The Tema Oil Refinery (TOR) has enough crude stock to process in the next two months and does not anticipate any interruption in supplies during the Christmas and New Year period.
Speaking to the Ghana News Agency, Dr Kwame Ampofo, Managing Director of TOR, debunked media reports that the Refinery had shut down its distillation unit due to lack of crude oil to process.
He explained that the distillation plant was shut down temporarily on December 30 to repair a faulty pump and to create space between processed crude brought in by Ecobank in November and incoming stock.
The unit will be restarted on Monday, December 7, he said.
"I wish to state again that there is no cause for alarm. The Crude Distillation Unit developed a minor problem with one of its pumps, fortunately just at the time that it had finished processing. crude," he said.
He said management took advantage of the situation and stopped the distillation unit to do two things -- repair the pump and ensure some time lag between incoming stock to achieve physical separation of the two parcels and prevent co-mingling of products.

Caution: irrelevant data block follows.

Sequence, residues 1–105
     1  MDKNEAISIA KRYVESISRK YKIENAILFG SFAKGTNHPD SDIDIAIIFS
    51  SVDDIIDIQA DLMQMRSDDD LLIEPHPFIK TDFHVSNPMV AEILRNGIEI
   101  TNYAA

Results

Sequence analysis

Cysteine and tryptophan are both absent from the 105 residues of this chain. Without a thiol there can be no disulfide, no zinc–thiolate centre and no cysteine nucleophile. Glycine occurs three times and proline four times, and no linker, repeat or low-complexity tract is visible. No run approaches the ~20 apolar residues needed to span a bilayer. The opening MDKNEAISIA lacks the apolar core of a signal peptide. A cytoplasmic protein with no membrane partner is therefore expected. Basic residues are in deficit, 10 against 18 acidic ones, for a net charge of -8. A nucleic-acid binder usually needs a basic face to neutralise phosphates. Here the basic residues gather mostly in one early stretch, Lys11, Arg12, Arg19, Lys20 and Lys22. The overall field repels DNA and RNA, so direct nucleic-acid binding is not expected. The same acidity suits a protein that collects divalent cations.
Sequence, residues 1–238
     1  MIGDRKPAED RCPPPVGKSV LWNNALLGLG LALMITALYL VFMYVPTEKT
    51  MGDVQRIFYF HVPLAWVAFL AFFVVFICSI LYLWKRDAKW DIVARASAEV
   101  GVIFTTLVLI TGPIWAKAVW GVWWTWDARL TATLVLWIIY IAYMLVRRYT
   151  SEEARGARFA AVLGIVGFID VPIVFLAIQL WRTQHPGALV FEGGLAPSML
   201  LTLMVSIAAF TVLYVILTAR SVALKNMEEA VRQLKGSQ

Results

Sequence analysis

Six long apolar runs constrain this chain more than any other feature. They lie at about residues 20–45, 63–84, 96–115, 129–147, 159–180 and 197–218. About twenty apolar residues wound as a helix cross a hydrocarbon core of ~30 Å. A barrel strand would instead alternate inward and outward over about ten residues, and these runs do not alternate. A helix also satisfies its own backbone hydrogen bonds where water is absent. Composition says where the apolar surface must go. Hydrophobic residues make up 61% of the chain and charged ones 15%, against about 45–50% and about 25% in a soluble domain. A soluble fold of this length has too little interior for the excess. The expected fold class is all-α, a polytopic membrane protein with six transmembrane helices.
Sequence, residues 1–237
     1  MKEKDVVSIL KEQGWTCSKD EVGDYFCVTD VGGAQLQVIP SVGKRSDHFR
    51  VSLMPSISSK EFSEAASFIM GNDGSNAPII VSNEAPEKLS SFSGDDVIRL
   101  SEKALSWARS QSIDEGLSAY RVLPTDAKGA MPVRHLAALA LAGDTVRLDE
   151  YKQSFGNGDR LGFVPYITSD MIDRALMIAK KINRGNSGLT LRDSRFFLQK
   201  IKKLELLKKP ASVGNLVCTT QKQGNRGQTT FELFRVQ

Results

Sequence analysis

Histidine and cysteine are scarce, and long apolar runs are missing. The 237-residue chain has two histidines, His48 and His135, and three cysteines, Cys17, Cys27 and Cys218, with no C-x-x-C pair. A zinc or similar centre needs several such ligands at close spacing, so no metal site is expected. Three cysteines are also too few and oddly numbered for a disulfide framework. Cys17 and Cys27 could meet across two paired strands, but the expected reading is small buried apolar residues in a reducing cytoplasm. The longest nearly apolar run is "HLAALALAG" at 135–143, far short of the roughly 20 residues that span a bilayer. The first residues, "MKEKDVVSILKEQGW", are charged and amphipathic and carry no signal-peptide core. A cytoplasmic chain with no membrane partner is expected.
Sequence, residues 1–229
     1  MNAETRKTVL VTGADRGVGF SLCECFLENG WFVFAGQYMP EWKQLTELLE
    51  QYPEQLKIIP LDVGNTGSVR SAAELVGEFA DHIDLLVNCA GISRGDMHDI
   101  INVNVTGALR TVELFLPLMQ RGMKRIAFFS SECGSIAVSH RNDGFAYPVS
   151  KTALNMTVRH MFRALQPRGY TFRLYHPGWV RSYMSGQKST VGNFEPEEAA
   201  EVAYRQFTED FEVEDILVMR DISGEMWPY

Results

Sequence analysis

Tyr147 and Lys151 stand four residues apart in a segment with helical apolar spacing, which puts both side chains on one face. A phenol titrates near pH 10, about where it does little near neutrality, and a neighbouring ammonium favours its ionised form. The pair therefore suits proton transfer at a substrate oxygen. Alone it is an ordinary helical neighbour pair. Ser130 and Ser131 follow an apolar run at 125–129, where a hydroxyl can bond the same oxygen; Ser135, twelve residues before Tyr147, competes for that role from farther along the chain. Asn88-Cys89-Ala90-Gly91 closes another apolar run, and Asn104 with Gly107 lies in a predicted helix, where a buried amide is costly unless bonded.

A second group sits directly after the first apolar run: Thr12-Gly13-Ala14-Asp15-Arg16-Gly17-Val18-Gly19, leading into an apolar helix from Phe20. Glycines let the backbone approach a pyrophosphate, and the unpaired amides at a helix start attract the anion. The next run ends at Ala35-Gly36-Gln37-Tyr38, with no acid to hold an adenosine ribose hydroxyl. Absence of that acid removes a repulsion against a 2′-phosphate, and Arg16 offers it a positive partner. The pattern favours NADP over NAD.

The separation was necessary for accounting purposes, he explained.
Dr Ampofo said staff of the refinery were preparing to discharge 700,000 barrels of crude that had freshly been supplied by the Ghana National Petroleum Corporation.
"We'll start processing this hopefully on Monday," he said, adding that additional two million barrels of crude was expected later. to augment the stock.
"We're not at all in distress, so there is no need for panic."
He said TOR had a debt overhang of more than $600 million owed to the Ghana Commercial Bank (GCB), its main creditor and other service providers including crude suppliers.
To help solve the problem, the government in late October appointed Pan African Ecobank to help arrange a syndicated $600 million facility to refinance half of the debt owed to GCB and use the other $300 million to strengthen the refinery's balance sheet.
The Refinery subsequently received its first crude oil in nearly 10 months last month with funding from Ecobank Ghana.
Dr Ampofo said while the refinery had yet to complete its recapitalisation, confidence in the plant's potential profitability had improved.
He said the plant would continue to buy the bulk of its crude oil from the spot market until January, when government-to-government supply deals with Nigeria, Libya and Sudan kick in.
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